Background: Allergic conjunctivitis is characterized by allergen-specific IgE in the serum and infiltration of eosinophils into the conjunctiva. The role of IgE and mast cells in allergic conjunctivitis is largely unknown, however.
Objectives: We investigated the importance of conjunctival mast cells in a murine model of IgE-mediated allergic conjunctivitis.
Methods: IgE-mediated allergic conjunctivitis was initiated in C57BL/6-Kit(+/+) wild-type mice, mast cell-deficient Kit(W-sh/W-sh) mice, and Kit(W-sh/W-sh) mice that had been subconjunctivally or systemically engrafted with bone marrow-derived, cultured mast cells (BMCMCs) from Kit(+/+) wild-type mice, and clinical symptoms and infiltration of eosinophil of the eyes were evaluated. Total numbers of mast cells in the conjunctiva were counted, and the phenotypes of these cells were characterized by means of immunostaining and PCR analysis of murine mast cell proteases.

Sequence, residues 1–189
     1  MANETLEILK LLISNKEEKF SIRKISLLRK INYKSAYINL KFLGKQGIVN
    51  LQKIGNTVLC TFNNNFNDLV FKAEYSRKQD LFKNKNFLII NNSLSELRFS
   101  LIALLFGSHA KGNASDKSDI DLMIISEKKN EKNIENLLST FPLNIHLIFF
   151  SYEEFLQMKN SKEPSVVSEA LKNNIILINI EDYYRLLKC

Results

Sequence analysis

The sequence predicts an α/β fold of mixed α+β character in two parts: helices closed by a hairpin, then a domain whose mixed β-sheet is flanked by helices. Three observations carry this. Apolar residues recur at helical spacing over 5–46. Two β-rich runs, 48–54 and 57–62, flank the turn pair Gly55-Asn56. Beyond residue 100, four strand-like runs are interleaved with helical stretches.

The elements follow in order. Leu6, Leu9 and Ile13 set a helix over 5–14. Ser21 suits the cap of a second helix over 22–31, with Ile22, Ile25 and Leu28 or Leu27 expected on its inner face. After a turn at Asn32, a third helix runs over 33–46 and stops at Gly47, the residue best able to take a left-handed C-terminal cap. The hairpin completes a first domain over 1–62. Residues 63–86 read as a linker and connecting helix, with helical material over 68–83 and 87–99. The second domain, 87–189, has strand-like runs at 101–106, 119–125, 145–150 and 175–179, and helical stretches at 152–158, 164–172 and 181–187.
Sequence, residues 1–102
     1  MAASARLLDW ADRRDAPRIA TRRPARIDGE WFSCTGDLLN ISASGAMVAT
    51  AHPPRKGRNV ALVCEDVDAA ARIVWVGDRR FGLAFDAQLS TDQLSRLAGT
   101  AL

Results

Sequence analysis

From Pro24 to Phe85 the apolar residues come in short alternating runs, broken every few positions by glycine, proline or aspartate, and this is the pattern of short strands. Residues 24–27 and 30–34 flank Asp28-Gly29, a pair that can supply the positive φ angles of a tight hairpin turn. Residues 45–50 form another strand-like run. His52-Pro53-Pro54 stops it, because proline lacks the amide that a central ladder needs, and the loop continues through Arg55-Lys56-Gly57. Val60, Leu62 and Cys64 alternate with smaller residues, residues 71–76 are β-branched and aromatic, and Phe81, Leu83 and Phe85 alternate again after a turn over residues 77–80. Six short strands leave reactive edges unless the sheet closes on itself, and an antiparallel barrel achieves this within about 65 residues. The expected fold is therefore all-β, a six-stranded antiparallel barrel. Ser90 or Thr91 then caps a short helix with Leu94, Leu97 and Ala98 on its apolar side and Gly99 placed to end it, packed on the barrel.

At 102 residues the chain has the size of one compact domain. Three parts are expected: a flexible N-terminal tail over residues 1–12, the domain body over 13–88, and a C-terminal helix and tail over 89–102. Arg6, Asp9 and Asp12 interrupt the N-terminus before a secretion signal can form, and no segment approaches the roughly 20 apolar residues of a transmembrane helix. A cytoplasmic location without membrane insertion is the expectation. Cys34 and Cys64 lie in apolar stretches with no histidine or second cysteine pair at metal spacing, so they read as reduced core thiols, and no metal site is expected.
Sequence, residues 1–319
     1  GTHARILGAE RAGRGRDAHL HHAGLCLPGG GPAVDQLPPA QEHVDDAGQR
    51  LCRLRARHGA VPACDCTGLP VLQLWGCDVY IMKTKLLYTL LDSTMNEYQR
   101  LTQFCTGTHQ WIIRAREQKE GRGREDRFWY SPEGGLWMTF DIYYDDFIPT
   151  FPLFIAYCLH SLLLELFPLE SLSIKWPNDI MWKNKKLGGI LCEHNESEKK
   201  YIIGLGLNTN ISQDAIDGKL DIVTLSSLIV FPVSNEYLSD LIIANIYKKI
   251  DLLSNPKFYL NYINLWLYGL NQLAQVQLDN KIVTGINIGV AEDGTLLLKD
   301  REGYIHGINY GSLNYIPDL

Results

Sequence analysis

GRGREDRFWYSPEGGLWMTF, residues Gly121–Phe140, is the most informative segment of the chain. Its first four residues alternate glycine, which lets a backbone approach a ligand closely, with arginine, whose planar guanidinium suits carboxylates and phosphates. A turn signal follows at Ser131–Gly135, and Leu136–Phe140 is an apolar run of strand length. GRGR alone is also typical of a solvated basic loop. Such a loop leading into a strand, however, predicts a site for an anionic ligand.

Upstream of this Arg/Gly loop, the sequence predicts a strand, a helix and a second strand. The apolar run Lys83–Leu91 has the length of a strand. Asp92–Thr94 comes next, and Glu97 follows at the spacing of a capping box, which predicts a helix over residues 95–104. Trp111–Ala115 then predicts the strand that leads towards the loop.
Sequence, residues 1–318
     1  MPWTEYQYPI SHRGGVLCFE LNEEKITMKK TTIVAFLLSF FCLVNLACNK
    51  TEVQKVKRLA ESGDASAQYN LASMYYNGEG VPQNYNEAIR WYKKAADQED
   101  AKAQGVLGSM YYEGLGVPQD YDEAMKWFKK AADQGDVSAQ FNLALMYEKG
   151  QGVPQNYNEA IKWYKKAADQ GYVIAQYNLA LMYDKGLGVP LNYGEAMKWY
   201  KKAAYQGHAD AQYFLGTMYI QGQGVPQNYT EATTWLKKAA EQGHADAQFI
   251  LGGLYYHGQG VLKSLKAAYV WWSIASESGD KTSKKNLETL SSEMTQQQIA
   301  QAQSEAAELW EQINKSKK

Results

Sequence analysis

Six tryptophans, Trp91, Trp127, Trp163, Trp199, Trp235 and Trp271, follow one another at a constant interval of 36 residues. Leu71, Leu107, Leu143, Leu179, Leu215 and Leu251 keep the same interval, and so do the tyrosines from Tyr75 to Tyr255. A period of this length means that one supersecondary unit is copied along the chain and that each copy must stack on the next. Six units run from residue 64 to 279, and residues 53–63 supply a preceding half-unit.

Results: No mast cells were detected in the conjunctiva or eyelid dermis of adult Kit(W-sh/W-sh) mice. Subconjunctival injection of BMCMCs resulted in local mast cell reconstitution, with the numbers of reconstituted mast cells in the conjunctiva and eyelid dermis comparable with those observed in wild-type Kit(+/+) littermates. Reconstituted and naive conjunctival mast cells expressed proteases ascribed to connective tissue-type mast cells but not mucosal mast cells. Passive transfer of ragweed-specific IgE followed by antigen challenge resulted in both early-phase clinical symptoms and late-phase eosinophilic inflammation in Kit(+/+) mice. These responses, which were significantly decreased in Kit(W-sh/W-sh) mice, were restored on reconstitution of the conjunctival mast cell population.
Conclusions: These results suggest a direct contribution of IgE-activated mast cells to both the early-phase reaction and late-phase inflammation during ocular allergy.